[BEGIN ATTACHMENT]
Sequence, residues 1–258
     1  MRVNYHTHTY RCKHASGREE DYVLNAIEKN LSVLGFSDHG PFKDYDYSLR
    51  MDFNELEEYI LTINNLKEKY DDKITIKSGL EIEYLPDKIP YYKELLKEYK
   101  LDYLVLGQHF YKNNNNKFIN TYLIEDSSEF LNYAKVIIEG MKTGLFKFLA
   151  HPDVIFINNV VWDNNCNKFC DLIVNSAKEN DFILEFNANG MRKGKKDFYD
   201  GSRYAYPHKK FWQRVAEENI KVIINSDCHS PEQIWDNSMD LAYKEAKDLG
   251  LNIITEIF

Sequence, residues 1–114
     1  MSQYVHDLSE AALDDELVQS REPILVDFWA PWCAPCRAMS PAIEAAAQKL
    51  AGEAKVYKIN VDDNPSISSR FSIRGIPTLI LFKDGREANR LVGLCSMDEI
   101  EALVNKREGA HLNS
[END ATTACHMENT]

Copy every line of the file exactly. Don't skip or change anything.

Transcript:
Sequence, residues 1–258
     1  MRVNYHTHTY RCKHASGREE DYVLNAIEKN LSVLGFSDHG PFKDYDYSLR
    51  MDFNELEEYI LTINNLKEKY DDKITIKSGL EIEYLPDKIP YYKELLKEYK
   101  LDYLVLGQHF YKNNNNKFIN TYLIEDSSEF LNYAKVIIEG MKTGLFKFLA
   151  HPDVIFINNV VWDNNCNKFC DLIVNSAKEN DFILEFNANG MRKGKKDFYD
   201  GSRYAYPHKK FWQRVAEENI KVIINSDCHS PEQIWDNSMD LAYKEAKDLG
   251  LNIITEIF

Sequence, residues 1–114
     1  MSQYVHDLSE AALDDELVQS REPILVDFWA PWCAPCRAMS PAIEAAAQKL
    51  AGEAKVYKIN VDDNPSISSR FSIRGIPTLI LFKDGREANR LVGLCSMDEI
   101  EALVNKREGA HLNS